COSEWIC assessment and status report on the Chinook Salmon (Okanagan population) in Canada
- Assessment Summary
- Executive Summary
- COSEWIC History, Mandate, Membership and Definitions
- Lists of Figures and Tables
- Species Information
- Population Sizes and Trends
- Limiting Factors and Threats
- Special Significance of the Species
- Existing Protection or Other Status Designations
- Technical Summary
- Acknowledgements, Authorities Contacted, and Information Sources
- Biographical Summary of Report Writers and Collections Examined
Spawning populations of chinook salmon are distributed from northern Hokkaido (Japan) to the Anadyr River (Russia) on the Asian coast, and from central California to Kotzebue Sound (Alaska) on the North American coast (Figure 3). Spawning occurs from near tidewater to over 3,200 km upstream in the headwaters of the Yukon River (Major et al., 1978 cited in Healey, 1991). Spawning stream-type and ocean-type chinook populations are geographically separated to a considerable degree: whereas Asian and Alaskan chinook populations are mainly stream-type, those in the remainder of the North American populations are predominantly ocean-type (Healey, 1983, Healey, 1991). Where stream- and ocean-type populations are found in the same river, stream-type fish tend to be found in headwater spawning areas and ocean-type in downstream spawning areas (Myers et al., 1998; Healey and Jordan, 1982), although these behavioural “types” may simply be a continuum of temperature-driven behaviour (Brannon et al. 2004). While ocean-type chinook tend not to disperse more than 1000 km from their natal river or far from shore (Healey, 1983), stream-type chinook tend to disperse more broadly and further offshore (Healey, 1991).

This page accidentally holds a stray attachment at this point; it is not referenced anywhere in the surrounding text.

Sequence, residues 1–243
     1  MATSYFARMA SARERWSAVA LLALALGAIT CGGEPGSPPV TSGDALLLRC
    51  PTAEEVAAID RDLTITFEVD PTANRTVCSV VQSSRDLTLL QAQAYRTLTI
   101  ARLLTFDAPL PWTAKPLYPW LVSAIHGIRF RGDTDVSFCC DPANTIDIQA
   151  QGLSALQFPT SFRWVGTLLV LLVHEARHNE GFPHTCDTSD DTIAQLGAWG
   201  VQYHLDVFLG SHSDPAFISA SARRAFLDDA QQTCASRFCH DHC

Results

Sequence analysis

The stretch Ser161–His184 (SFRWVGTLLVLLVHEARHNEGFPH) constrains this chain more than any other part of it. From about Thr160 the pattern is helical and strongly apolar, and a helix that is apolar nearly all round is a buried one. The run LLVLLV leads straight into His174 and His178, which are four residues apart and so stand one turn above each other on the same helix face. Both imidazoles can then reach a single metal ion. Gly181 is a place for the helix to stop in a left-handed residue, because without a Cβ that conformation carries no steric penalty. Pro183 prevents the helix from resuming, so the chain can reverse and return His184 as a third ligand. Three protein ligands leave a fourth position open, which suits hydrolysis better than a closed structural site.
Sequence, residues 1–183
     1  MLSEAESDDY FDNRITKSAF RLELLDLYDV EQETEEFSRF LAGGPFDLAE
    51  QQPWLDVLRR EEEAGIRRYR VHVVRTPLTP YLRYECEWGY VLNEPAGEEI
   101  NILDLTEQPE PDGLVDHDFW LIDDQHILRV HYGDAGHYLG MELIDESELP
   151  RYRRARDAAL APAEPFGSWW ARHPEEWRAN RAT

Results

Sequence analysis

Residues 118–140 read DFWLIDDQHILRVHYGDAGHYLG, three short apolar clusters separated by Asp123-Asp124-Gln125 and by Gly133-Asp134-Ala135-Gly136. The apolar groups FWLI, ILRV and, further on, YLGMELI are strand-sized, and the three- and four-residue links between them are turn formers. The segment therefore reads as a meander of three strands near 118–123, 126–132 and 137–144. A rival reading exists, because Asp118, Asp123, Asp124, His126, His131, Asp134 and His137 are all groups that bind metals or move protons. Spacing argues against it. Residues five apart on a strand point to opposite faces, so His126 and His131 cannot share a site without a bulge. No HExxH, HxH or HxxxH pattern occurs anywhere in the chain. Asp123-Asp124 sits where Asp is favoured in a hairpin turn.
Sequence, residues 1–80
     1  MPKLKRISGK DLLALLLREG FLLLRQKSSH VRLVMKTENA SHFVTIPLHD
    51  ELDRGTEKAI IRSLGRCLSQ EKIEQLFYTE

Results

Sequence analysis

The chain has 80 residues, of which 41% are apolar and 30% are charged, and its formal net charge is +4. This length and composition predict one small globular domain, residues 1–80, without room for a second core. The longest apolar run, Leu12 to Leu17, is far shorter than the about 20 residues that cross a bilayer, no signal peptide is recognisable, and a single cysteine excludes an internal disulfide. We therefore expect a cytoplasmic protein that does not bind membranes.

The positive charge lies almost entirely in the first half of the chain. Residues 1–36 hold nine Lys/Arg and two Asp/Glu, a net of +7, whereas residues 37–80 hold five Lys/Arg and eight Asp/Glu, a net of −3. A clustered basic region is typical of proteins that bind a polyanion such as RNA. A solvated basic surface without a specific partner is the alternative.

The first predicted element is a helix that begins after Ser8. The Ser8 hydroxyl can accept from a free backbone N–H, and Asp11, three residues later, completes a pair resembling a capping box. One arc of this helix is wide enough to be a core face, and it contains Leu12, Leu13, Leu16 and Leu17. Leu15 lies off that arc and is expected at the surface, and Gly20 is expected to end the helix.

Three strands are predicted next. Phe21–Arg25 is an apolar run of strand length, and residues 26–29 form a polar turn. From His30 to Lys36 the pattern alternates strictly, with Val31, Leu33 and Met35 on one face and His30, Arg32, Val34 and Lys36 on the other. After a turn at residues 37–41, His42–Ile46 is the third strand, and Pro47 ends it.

Used with permission from M.C. Healey, Fisheries and Oceans Canada.
Chinook salmon are native to rivers along the entire west coast of Canada, and may also be found in rivers on the Arctic coast (Healey, 1983). In addition, naturally spawning populations may have become established from transplants in the Laurentian Great Lakes (Carl, 1984).
In the Okanagan Basin (Figure 4), First Nations have reported that chinook were once heavily fished at Okanagan Falls (i.e., outlet of Skaha Lake), and that chinook were able to reach both Skaha and Okanagan Lakes (Ernst, 1999; Ernst and Vedan, 2000). Corroboration of these claims is found in the reports of Clemens et al. (1939), Gartrell (DFO, unpublished files, December 1919 and April 1920), and Kelowna Fish and Game Association (DFO, unpublished files, August 1924). Chinook cannot currently reach either Okanagan Falls or any of the lakes upstream of Osoyoos Lake due to the presence of McIntyre dam at the outlet of Vaseaux Lake.
Map reprinted with permission of Paul Rankin, DFO.
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